After it’s safe and snug, I tape it all up, slap a mailing label on it and then send it off.  Again, do whatever works for you to ensure the plants are safe and sound. Recycling materials is always great. I’ve re-used materials from the office, such as those air-pack things that are used for the toner cartridges. I’ll keep a few shipping supplies on hand as well that were used for prior shipments and just re-purpose those.  No sense in spending additional money or resources for packing, right?

Hope this little packing-up tutorial helps you to spread some of that Sarracenia cheer!  Happy shipping! 😉

Photos: Behind the Scenes

So, I’ve had a few people ask me about how I photograph plants. My response is pretty simple. I just press the button. 🙂 HA!

Recently, fellow garden-plant-homie-dude Derek, who is the author of the wonderful plant blog Plantgasm (twitter: @Plantgasm) suggested I do a post on my set up.  This is actually a post that I’ve been wanting to do for a couple weeks, and thanks to his encouragement, I’m putting this up.

I gotta mention – below is what works for me.  I encourage you to try, experiment, learn, and just play around to see what works best for you! I would love to also hear about your photo experiences too. I have to also tell you that I am NOT a professional photographer.  Just a dude who likes to take a lot of pictures.


So, when I shoot, I use digital SLR (SLR = Single Lens Reflex) cameras, or DSLR’s for short.  I favor shooting with these types of camera because of the control and flexibility they provide for photography. I won’t bore you about all the details here, but you can always check out the wiki and the google and read up about DLSR’s for yourself.  I started out while back just using point and shoots.  On the left is my very first DSLR camera that I still do use from time to time. It’s a Canon XTi that I’ve had for a few years.  On the right is a Canon 7d.  Now: bear in mind it’s not the camera or brand that makes the shot. It’s really about who’s behind that view finder, capturing a vision, then conveying it in the  photo.  There’s always going to be debate on which brand is best, or which gear is best.  To me, it’s not about that but rather what the final product is. Some people think the more expensive the camera, the better the photo. Well, it’s not all about the “bling” factor of your gear.  Just use what you have! 🙂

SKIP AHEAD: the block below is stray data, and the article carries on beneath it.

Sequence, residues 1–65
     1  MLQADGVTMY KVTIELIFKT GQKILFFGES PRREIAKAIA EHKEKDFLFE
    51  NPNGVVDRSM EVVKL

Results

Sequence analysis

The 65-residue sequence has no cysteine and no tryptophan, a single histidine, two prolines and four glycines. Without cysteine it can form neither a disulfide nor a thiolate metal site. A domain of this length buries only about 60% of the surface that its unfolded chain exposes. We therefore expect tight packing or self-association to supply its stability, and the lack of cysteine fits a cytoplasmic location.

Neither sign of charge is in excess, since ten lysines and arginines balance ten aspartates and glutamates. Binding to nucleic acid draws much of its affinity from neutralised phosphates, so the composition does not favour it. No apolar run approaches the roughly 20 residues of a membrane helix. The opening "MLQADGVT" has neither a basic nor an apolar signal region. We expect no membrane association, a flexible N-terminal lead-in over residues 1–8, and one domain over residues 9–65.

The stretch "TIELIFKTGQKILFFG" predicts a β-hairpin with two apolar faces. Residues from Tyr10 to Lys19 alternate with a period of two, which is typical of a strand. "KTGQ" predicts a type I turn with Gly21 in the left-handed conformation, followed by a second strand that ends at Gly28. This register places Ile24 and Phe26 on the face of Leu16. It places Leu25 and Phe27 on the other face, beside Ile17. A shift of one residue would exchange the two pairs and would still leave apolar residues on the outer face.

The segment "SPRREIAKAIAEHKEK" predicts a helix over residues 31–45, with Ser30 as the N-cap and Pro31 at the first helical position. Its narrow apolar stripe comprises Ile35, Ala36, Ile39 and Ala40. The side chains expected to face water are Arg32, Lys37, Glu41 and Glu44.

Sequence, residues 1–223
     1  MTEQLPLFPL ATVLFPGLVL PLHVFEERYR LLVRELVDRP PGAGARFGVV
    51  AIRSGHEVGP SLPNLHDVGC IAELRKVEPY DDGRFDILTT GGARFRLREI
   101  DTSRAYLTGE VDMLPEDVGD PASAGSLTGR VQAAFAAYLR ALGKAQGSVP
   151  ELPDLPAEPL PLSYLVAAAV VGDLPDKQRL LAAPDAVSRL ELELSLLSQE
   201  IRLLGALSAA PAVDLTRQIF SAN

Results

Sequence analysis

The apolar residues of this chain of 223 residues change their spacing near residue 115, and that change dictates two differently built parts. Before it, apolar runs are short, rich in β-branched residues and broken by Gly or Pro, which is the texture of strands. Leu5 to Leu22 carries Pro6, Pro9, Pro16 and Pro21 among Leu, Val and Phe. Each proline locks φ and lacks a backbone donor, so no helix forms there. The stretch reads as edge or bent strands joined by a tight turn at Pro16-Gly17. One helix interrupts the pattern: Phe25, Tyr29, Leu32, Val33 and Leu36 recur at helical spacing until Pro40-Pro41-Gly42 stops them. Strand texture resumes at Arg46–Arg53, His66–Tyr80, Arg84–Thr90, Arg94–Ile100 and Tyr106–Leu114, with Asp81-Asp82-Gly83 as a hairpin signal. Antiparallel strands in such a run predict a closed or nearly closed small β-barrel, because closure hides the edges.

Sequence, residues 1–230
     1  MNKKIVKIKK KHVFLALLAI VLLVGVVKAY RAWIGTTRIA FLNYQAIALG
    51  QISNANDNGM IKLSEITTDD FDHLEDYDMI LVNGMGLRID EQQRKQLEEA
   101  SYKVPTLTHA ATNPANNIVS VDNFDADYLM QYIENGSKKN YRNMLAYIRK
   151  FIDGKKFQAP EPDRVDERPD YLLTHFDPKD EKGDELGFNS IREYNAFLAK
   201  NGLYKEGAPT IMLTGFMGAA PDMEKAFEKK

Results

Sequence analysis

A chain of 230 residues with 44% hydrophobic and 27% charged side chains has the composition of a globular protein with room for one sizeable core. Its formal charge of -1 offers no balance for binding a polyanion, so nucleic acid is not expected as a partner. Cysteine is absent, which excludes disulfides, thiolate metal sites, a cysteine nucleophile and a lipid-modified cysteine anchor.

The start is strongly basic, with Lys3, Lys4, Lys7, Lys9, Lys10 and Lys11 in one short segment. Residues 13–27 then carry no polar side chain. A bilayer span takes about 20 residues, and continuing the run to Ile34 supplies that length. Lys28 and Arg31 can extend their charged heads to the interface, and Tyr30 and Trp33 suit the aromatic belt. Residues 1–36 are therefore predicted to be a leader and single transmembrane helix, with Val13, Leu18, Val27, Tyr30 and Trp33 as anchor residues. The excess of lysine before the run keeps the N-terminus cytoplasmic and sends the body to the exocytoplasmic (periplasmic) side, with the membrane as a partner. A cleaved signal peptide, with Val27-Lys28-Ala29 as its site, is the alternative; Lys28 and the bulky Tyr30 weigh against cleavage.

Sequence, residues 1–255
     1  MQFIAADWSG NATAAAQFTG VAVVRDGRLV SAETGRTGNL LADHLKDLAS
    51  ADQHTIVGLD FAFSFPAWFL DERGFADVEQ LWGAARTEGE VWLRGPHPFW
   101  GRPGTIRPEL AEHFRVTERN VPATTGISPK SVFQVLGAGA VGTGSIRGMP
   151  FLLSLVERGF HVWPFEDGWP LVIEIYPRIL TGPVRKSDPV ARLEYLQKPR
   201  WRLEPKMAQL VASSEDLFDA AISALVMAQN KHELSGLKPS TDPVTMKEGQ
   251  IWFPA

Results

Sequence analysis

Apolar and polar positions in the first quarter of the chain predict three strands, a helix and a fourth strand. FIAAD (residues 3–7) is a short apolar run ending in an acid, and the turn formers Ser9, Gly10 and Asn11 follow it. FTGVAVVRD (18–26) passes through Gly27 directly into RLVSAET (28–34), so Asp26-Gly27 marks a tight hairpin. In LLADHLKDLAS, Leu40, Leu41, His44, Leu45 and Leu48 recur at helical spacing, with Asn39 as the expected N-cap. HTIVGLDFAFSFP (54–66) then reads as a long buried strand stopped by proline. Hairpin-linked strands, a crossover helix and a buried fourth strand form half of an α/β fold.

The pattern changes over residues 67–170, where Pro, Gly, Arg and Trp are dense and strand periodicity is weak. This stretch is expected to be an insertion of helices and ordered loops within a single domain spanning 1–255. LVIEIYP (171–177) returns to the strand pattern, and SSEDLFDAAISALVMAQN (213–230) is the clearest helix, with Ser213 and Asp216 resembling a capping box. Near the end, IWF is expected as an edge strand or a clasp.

Those rings above – are actually little macro lens adapters.  This allows me to get closer to my subject.  It’s a rather inexpensive way to get a nice close up photo without spending so much on a macro lens. It comes in varying powers that attach to your lens.  The higher the number, the closer you can get to your subject. You can combine them too.  Now, if you decide to go this route, make sure that the diameter of your lens matches up with the adapters.  For example, this is my 50 mm lens that I use a lot, and the diameter is 52mm.  Often times it’s reflected as the “Ø” symbol.   Depending how close I want to get, I’ll change it up from not using an adapter at all, to combining all of them.

Here’s a photo of the nifty 50mm with the +2 adapter on.

One of the things I really love about photography with these camera’s is being able to control the depth of field, or “DOF”.  This is that “background blurred out” effect you see .  For example, in the photo above of my lens, you see how the focus is on the adapter itself and how the rest of the photo is kind of blurred out?  That’s an example of a somewhat shallow depth of field.  You can control this by adjusting your f-stop on the camera. This is the number  you see next to the “f”.  Above photo was shot at f 4.  The lower the number, the shallower the depth of field.  The larger the number, the more foreground to background you can see.  For something more comprehensive that won’t bore you like I probably am doing,  here’s a pretty straightforward video.